Harry Potter and the Order of the Phoenix

Lessons learned.

"What makes Harry and buds more interesting than ever is that they care more deeply about each other and take more time to figure out their strategies, the way intelligent adults do."

So I said about the third Harry Potter installment, Harry Potter and the Prisoner of Azkaban. I can't say that for the fifth, Harry Potter and the Order of the Phoenix, which uses much elementary wizardry and too little caring, except for Harry's (Daniel Radcliffe) ambivalent kiss with Cho Chang (Katie Leung), in honor of diversity, I suppose.

The tone is downbeat as Harry tries to prepare the skeptics for the return of his arch enemy, Lord Voldemort. It may be that Harry is becoming more isolated because of his fame (newspapers pronounce him "Harry Plotter"), distancing himself from his friends partly to shield them from collateral harm and partly from adolescent moodiness.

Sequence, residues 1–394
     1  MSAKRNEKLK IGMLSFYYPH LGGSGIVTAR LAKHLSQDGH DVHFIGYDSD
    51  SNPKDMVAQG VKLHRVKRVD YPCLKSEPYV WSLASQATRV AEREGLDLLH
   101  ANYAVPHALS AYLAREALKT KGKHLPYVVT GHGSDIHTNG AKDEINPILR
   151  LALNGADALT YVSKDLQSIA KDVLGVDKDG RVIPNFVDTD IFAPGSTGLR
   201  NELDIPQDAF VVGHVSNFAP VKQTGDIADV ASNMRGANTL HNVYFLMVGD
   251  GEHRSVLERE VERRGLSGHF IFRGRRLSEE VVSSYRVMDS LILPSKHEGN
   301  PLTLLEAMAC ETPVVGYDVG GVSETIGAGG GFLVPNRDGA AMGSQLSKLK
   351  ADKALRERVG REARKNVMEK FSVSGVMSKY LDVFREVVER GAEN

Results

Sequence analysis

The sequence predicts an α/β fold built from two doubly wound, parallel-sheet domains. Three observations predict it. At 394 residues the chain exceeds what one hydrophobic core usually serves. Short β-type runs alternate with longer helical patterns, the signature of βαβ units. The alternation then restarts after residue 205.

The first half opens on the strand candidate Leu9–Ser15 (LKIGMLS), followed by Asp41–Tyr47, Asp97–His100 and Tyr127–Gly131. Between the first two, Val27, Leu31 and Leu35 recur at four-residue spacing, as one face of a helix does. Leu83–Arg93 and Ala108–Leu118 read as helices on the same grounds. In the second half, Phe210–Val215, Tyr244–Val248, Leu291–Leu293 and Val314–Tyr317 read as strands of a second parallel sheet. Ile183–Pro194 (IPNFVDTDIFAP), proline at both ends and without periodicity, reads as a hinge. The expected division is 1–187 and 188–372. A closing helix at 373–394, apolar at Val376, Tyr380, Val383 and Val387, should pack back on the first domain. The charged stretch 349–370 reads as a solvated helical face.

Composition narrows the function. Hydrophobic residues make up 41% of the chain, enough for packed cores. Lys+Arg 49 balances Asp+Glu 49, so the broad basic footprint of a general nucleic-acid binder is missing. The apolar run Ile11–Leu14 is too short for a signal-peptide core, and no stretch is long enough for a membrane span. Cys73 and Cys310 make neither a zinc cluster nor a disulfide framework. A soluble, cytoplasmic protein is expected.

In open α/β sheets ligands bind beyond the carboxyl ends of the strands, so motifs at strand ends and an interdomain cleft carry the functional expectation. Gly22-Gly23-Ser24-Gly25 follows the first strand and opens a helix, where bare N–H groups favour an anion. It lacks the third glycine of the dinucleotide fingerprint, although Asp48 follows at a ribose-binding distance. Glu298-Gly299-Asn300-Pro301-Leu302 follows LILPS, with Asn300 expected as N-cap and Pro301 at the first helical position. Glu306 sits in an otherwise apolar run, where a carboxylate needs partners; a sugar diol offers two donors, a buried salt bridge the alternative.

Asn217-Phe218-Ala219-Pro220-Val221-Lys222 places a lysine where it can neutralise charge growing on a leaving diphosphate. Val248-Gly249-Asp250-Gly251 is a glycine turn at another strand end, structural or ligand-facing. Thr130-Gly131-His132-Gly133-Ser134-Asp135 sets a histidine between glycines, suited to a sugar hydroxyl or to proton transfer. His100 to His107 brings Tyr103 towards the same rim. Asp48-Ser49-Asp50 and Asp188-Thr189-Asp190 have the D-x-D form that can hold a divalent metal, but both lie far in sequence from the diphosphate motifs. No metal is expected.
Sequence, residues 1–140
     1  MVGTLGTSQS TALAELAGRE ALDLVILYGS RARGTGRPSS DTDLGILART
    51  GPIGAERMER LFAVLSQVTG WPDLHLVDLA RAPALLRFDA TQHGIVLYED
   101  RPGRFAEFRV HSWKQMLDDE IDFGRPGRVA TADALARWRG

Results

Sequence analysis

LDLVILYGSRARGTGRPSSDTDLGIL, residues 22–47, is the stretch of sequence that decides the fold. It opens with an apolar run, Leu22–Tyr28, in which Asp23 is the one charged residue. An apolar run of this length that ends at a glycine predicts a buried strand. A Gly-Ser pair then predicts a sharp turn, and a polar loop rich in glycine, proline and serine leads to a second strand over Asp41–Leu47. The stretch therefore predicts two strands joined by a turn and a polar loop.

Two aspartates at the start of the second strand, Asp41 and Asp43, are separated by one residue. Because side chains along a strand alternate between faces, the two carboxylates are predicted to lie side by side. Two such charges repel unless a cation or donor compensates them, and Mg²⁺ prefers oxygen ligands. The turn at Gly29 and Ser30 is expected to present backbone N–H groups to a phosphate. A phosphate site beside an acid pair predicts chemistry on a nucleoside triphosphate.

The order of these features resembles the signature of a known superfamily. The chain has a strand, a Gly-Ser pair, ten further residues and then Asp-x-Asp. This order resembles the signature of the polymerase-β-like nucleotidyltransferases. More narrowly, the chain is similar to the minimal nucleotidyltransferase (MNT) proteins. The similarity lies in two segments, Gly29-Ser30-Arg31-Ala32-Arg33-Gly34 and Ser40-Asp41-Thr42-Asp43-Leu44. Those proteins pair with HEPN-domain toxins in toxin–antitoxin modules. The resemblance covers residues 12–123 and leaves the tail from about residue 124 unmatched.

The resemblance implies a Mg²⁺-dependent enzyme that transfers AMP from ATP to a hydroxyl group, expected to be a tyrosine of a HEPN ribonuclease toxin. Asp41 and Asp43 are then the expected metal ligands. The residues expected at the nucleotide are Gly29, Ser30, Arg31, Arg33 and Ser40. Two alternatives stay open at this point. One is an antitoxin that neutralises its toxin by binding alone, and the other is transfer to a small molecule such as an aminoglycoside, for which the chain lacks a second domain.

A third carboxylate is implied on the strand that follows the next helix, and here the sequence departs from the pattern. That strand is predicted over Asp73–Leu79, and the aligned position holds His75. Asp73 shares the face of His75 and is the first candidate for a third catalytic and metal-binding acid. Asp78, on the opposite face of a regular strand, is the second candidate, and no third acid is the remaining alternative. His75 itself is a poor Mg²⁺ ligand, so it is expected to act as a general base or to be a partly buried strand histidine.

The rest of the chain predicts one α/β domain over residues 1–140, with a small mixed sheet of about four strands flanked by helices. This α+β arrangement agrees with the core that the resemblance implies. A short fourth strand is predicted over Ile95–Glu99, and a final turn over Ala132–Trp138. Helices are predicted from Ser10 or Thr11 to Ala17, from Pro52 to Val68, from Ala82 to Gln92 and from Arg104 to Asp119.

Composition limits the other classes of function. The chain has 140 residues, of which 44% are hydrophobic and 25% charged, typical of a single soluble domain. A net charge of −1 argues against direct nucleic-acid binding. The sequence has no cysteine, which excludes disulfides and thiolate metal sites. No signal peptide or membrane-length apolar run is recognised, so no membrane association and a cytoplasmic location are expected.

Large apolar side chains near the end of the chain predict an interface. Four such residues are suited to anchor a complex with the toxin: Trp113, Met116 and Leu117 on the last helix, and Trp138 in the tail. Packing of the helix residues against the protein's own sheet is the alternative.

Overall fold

There is little fun of the kind the Quidditch match, missing here, always provided. Harry is even framed opposite from Ron (Rupert Grint) and Hermione (Emma Watson) as he is consumed by his thoughts about the return of his enemy. Happily some light comes in the form of a makeshift classroom, where Harry experiences the gift of inspiring teaching, his own teaching, that is.

Harry's teaching antithesis is new villainess Dolores Umbridge (Oscar nominee Imelda Staunton), whose style is to dictate theory without experience, to demand learning without reason, and to eschew practical magic in general. Her pink outfit is almost a joy in such a grey world and a nicely ironic juxtaposition to her distinctly unfeminine behavior. The splash of color is memorable and dramatically spot on.

Some universals apply such as the value of going it on your own and learning well. The lesson about the value of experience joined with theory is a high point in an otherwise dark, action-filled, second-rate Potter production.